Social Media Monday: Outsourcing or DIY?
Welcome to this week’s Social Media Monday, where we answer your social media questions.
You can submit questions via the comments below or by email to firstname.lastname@example.org.
How do you feel about an outside company maintaining your dealership’s social media?
This is a tough question. To do your social media correctly and really make an impact, you need to dedicate some serious time to it – most dealers that are really hitting it are spending at least 10 hours a week on social media. If you don’t have an in-house marketing person, it’s probably a good idea to look at outsourcing at least some of the social media workload.
The challenge is finding the right person to do that. The best provider is someone who not only knows the ins and outs of social media, but also knows the marine industry. They need to be creating content that is unique to you and reflects the image you want to put out in the marketplace.
If you do hire an outside firm, make sure you stay involved in the process. A good firm will ask for your involvement and feedback. Even if nobody in-house is doing the day-to-day of the social media, it’s important that someone is managing it to be sure it is consistent with the rest of your marketing efforts.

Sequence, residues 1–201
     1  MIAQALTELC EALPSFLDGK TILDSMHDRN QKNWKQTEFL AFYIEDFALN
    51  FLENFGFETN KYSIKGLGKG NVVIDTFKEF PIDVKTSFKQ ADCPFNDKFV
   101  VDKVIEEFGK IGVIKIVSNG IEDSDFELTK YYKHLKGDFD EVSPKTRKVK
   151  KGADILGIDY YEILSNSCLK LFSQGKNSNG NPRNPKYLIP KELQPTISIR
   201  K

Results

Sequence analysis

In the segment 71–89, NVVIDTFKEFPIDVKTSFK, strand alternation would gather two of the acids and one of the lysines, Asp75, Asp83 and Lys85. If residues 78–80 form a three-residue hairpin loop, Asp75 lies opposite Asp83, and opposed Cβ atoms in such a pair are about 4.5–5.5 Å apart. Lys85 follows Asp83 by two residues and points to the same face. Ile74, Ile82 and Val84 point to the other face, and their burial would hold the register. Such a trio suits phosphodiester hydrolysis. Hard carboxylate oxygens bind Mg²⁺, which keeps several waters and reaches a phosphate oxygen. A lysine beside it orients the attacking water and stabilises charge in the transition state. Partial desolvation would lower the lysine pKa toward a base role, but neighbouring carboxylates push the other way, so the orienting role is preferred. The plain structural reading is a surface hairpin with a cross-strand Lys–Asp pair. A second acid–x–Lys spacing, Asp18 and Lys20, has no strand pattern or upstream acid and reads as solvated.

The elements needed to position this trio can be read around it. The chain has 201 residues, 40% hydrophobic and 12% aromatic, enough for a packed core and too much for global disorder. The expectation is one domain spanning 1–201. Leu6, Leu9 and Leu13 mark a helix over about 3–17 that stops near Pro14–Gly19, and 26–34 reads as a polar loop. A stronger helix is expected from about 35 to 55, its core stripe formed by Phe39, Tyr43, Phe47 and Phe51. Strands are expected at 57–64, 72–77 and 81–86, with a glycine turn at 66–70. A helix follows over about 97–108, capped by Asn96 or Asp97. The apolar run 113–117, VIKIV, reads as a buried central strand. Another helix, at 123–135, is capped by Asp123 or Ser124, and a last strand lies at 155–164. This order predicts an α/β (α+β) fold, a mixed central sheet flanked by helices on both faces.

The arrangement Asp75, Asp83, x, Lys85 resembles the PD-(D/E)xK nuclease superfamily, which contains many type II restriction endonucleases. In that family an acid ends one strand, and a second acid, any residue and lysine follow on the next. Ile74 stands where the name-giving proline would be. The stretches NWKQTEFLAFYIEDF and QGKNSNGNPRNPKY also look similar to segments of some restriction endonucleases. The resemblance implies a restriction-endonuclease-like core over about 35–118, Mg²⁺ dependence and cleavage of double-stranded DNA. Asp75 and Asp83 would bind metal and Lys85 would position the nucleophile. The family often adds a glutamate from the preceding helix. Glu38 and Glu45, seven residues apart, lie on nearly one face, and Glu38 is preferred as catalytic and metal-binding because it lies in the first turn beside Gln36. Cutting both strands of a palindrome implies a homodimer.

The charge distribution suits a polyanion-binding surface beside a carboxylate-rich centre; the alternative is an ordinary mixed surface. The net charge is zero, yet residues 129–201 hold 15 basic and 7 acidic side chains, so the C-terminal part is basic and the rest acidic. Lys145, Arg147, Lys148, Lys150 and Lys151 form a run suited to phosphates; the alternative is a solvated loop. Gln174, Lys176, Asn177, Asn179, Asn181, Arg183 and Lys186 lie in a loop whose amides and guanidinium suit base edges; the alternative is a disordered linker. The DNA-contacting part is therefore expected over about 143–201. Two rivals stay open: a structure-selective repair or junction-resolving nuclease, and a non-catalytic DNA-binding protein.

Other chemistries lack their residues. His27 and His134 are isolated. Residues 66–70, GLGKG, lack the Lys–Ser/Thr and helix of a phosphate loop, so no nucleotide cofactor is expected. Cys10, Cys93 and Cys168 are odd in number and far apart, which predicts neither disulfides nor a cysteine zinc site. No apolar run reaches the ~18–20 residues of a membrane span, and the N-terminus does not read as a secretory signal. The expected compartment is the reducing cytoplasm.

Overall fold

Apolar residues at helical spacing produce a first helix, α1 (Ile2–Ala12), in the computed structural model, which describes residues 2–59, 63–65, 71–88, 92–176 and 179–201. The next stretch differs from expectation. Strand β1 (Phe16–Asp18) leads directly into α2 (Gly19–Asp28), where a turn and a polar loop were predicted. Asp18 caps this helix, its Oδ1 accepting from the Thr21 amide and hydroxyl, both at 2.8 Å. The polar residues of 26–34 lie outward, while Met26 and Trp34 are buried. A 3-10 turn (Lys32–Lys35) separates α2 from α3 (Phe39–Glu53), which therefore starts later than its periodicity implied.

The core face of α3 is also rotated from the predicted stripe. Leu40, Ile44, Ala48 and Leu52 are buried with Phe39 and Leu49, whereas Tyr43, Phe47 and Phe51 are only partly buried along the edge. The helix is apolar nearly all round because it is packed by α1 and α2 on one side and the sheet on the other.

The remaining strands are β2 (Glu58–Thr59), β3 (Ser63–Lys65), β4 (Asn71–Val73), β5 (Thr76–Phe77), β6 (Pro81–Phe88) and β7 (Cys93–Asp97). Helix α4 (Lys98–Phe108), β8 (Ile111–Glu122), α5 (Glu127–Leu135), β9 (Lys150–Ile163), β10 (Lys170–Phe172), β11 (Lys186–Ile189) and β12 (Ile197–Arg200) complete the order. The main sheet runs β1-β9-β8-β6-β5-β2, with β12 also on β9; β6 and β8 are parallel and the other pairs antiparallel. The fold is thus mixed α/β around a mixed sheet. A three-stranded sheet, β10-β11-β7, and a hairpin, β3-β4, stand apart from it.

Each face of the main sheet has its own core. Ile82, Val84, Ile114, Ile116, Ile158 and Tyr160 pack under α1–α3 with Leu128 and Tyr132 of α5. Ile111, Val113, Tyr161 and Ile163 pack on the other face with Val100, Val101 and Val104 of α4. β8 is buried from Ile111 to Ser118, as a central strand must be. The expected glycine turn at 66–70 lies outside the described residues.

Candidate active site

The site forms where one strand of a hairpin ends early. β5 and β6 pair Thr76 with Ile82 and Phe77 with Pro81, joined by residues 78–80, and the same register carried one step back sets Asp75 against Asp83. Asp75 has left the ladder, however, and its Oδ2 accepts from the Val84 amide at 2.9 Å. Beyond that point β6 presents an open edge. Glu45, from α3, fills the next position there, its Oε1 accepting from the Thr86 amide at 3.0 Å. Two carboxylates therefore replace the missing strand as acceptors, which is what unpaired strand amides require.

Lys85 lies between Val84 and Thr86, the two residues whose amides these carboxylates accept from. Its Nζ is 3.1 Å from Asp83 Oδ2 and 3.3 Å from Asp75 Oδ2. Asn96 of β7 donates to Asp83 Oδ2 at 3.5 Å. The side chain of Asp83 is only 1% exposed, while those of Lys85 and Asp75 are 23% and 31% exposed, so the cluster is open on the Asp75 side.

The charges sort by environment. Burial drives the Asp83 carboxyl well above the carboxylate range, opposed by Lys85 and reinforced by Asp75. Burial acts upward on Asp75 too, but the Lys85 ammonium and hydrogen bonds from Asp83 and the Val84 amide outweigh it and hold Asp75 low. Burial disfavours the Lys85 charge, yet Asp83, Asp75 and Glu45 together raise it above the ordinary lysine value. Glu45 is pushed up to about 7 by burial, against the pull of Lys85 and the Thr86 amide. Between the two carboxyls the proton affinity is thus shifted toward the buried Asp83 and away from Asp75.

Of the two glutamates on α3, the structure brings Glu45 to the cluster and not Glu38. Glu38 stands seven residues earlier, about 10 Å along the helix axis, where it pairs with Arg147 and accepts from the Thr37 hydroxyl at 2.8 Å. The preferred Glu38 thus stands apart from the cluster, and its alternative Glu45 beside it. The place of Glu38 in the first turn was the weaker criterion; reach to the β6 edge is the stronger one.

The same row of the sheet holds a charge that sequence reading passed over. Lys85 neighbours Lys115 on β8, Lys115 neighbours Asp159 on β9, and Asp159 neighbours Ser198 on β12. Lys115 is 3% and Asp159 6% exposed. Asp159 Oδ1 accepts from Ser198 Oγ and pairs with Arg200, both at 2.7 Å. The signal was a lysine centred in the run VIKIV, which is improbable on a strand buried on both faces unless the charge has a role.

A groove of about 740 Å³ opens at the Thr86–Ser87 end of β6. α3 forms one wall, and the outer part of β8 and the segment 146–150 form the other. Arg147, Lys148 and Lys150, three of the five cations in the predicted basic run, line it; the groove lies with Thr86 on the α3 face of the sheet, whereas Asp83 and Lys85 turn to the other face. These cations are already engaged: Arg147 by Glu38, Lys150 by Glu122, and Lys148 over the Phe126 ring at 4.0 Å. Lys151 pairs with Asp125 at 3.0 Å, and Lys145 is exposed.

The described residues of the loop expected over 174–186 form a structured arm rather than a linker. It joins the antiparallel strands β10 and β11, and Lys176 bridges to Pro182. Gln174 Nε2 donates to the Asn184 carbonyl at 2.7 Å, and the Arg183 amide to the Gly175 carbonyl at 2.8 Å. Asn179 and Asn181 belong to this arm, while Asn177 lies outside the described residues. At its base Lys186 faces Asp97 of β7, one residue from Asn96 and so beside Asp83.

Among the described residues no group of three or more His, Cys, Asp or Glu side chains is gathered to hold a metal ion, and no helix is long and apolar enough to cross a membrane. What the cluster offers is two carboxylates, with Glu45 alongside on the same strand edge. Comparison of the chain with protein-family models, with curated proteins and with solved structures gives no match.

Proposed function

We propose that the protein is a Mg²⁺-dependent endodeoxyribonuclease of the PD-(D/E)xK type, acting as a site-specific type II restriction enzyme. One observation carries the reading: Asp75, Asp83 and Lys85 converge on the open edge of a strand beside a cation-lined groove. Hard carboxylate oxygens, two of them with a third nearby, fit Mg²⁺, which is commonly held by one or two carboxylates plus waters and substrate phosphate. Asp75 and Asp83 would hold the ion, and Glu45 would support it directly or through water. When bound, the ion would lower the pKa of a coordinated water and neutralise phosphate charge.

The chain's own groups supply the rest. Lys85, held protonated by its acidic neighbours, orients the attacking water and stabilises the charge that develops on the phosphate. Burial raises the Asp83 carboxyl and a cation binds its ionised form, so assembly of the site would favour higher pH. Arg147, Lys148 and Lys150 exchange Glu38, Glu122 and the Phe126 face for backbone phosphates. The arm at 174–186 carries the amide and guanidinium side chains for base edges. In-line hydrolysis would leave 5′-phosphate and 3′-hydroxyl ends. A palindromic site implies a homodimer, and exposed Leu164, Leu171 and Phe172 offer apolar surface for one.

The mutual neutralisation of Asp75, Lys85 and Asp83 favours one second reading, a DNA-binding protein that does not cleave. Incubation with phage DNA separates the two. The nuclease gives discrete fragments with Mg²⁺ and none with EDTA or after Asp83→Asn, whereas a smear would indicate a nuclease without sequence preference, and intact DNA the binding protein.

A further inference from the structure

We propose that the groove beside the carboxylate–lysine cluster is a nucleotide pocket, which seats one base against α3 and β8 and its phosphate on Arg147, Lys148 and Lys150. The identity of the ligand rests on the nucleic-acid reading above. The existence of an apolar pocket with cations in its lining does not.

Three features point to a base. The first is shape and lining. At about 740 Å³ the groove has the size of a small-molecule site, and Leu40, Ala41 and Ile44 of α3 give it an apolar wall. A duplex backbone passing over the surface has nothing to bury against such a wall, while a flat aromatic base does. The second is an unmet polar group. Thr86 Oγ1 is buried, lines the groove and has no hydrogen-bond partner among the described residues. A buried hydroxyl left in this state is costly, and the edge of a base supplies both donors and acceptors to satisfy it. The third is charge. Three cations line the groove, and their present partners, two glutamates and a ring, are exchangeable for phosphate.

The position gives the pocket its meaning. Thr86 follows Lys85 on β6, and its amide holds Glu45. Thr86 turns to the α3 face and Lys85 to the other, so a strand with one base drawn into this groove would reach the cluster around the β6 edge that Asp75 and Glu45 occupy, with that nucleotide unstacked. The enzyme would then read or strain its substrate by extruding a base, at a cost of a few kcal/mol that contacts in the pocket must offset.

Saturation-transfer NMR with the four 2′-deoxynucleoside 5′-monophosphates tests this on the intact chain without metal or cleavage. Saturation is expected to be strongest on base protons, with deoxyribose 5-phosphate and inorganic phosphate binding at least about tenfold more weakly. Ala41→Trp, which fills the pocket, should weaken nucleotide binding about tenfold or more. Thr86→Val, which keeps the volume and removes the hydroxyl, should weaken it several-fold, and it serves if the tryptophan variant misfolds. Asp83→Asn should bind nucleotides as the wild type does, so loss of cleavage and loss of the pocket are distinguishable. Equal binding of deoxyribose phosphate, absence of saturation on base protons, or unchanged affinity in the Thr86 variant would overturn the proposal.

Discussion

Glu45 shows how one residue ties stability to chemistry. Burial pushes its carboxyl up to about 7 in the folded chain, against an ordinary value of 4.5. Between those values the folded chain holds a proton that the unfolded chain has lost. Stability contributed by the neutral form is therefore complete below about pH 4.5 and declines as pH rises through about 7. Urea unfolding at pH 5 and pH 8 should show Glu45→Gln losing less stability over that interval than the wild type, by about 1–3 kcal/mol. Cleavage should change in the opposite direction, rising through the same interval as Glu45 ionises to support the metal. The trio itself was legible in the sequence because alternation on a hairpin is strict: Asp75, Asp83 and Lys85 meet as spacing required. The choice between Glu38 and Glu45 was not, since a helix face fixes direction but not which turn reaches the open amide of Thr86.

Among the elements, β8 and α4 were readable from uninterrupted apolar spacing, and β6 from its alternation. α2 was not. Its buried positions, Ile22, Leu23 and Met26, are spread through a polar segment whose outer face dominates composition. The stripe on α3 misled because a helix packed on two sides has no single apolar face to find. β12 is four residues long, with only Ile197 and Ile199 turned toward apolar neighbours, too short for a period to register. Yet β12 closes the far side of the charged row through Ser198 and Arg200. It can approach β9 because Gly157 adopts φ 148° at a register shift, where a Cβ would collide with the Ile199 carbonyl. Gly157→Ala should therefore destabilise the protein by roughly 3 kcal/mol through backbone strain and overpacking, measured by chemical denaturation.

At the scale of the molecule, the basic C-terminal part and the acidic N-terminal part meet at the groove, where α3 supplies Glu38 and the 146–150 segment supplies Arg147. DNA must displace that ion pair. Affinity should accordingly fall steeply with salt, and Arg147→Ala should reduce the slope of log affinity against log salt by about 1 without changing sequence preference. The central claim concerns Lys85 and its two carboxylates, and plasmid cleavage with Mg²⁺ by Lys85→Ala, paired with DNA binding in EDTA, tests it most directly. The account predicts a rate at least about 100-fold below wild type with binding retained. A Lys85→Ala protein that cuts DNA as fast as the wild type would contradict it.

What about services that post during specific times that you set up? I have heard of them being used with Twitter.
There are several tools that offer this option, some free, some paid, such as tools from Engaged! and Dominion Marine Media in our industry, or general tools such as Hootsuite, which is the one we use here at Boating Industry to manage our social media. These tools will also allow you to track your re-tweets, mentions, etc.
Being able to schedule your Tweets and other social media posts makes it easier to manage the flow of information you send out. For example, if before 8 a.m. is the time you have each day to write posts, you can set them up to go out at targeted times throughout the day. Many of these tools also offer the option of “auto-scheduling” your posts based on when their analysis shows you’ll have the best reach.
One caveat: You don’t want to just schedule and forget. There are plenty of examples of promotional Tweets that companies have sent out after tragedies like the recent Boston Marathon bombings. In many cases, it’s a case of a post being scheduled and nobody remembering to cancel it. The result is a company that looks callous and oblivious to the world around it.